August 1-3, 2023
The small town of Westonia is one of the best examples of what a small Council can do for itself and its visitors. With an almost new community caravan park with all the usual facilities at $20/night and a streetscape very unique anywhere in the country.
The town and Shire are part of the WA Wheatbelt and grain and shep are the 2 “staples” of the district economy. These days as well it is once again well supported by the local Gold mine which has had a chequered history of opening and closing all the way back to 1911; great historical information here
From the Council Website: Westonia Historic Townsite
Westonia has a unique charm, nestled amongst 4,000ha of salmon gum, morrell and gimlet woodland interspersed with granite outcrops and remnants of the town’s gold mining past.
The town has been preserved to reflect its days as a booming gold mining town. Old buildings have been restored and new buildings constructed in a style that represents the past.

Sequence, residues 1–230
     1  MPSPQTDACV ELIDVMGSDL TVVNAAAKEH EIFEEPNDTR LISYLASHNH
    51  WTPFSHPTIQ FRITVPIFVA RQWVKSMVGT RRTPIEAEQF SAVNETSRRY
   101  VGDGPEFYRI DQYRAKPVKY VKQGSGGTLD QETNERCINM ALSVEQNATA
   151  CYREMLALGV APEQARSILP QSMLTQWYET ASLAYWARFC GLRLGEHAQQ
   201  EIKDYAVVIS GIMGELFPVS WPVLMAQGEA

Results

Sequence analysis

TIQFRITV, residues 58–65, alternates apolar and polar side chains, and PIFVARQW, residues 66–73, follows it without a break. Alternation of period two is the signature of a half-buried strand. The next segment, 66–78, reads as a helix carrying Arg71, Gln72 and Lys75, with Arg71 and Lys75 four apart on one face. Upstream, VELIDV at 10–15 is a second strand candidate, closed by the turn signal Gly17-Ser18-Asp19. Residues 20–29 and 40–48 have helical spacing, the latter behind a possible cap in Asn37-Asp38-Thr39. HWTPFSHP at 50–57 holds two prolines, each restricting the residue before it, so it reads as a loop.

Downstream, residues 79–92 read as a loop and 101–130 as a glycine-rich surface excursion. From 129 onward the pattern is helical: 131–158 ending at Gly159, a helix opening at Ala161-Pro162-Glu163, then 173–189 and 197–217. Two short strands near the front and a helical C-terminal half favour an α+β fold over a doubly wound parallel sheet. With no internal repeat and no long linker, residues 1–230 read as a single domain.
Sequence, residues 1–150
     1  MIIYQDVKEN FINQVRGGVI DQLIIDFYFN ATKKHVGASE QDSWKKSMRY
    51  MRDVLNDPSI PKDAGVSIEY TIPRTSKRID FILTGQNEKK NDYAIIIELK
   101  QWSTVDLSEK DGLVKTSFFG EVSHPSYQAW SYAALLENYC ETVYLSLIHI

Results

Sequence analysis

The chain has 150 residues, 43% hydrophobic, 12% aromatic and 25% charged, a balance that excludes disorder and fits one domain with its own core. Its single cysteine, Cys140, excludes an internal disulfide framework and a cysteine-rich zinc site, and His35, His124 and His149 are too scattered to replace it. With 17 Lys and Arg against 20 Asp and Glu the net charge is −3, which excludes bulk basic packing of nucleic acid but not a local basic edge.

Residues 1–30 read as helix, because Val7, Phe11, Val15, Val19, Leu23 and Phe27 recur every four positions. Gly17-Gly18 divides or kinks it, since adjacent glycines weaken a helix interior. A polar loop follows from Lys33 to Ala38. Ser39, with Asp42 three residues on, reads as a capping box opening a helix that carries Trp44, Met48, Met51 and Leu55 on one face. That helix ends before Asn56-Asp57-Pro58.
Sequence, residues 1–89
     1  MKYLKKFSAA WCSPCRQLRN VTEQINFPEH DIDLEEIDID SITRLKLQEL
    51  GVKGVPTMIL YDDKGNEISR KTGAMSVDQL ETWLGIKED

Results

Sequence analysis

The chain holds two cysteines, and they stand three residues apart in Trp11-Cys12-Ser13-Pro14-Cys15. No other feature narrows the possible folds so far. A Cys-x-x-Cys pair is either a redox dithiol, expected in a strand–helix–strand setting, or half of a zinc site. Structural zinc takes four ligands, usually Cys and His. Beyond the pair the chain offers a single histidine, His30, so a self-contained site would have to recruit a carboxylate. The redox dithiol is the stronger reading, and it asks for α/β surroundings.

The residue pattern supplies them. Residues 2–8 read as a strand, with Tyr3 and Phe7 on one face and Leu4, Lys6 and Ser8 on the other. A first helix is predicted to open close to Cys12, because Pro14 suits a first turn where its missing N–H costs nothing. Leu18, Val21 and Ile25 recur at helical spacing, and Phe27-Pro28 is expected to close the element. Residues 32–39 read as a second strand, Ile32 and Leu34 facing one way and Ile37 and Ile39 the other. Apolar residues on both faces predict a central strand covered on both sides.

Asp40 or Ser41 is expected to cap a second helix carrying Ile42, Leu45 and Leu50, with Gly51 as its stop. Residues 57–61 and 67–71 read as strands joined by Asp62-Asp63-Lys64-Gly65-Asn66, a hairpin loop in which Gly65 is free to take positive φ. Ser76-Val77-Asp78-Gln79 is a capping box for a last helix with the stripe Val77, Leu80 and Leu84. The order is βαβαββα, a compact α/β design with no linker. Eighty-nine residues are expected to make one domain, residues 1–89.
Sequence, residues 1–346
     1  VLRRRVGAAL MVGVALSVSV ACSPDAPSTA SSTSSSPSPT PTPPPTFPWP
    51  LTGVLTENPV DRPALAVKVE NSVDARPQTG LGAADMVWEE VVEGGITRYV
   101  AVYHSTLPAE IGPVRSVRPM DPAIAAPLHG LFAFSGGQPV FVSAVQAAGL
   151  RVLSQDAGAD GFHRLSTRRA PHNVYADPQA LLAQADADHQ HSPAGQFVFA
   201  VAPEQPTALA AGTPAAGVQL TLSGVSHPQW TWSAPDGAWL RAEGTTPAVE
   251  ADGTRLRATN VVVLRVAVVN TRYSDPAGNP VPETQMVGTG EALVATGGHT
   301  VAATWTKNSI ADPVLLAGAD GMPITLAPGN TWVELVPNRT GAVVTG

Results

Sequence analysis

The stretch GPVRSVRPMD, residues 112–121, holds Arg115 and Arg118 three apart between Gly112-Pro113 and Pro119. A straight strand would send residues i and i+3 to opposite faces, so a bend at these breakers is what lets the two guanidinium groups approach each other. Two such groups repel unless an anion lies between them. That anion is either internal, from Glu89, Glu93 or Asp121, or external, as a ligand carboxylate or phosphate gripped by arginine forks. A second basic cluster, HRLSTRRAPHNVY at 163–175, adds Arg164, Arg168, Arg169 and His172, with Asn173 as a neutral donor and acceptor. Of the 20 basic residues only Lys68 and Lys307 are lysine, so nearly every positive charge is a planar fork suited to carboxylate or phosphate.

Wolfram Street Facades
The bright red doors on Westonia’s Fire Station are part of the town’s plan to step back in time. The colourful exteriors of the Façade Shop Front Project aim to recreate the look of the main street during the 1900’s mining boom.
Down the street, the facades of the town’s original bank, café and green grocer store have been recreated. The doors on these facades are real and open to the library and Shire Offices.
Edna May Goldmine
A public lookout allows views over the mine and activities
A visit would not be complete without the local Hood-Penn Museum
The Hood-Penn Museum in Westonia is the result of a an extremely generous donation of a large historical collection from the Hood-Penn family who previously owned the Burracoppin Store. The museum mainly is built around series of “Rooms” depicting various aspects of early 20th century life in thegold mining days of the 1920s